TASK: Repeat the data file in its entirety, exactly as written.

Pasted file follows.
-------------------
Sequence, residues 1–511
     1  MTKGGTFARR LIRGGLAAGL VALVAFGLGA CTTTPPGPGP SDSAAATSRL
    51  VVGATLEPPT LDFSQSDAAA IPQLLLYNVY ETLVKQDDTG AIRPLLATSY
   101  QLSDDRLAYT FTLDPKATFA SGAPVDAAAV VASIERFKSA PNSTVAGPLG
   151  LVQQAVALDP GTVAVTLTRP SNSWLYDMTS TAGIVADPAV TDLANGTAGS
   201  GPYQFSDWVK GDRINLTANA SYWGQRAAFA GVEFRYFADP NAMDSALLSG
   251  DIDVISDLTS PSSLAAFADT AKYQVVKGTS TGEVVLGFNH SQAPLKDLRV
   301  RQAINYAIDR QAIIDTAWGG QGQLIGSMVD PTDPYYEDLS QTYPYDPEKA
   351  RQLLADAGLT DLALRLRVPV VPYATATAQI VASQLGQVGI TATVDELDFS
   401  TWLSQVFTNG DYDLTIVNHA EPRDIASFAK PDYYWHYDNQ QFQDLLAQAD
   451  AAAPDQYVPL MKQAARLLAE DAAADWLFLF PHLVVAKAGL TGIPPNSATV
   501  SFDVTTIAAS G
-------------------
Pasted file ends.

Sequence, residues 1–511
     1  MTKGGTFARR LIRGGLAAGL VALVAFGLGA CTTTPPGPGP SDSAAATSRL
    51  VVGATLEPPT LDFSQSDAAA IPQLLLYNVY ETLVKQDDTG AIRPLLATSY
   101  QLSDDRLAYT FTLDPKATFA SGAPVDAAAV VASIERFKSA PNSTVAGPLG
   151  LVQQAVALDP GTVAVTLTRP SNSWLYDMTS TAGIVADPAV TDLANGTAGS
   201  GPYQFSDWVK GDRINLTANA SYWGQRAAFA GVEFRYFADP NAMDSALLSG
   251  DIDVISDLTS PSSLAAFADT AKYQVVKGTS TGEVVLGFNH SQAPLKDLRV
   301  RQAINYAIDR QAIIDTAWGG QGQLIGSMVD PTDPYYEDLS QTYPYDPEKA
   351  RQLLADAGLT DLALRLRVPV VPYATATAQI VASQLGQVGI TATVDELDFS
   401  TWLSQVFTNG DYDLTIVNHA EPRDIASFAK PDYYWHYDNQ QFQDLLAQAD
   451  AAAPDQYVPL MKQAARLLAE DAAADWLFLF PHLVVAKAGL TGIPPNSATV
   501  SFDVTTIAAS G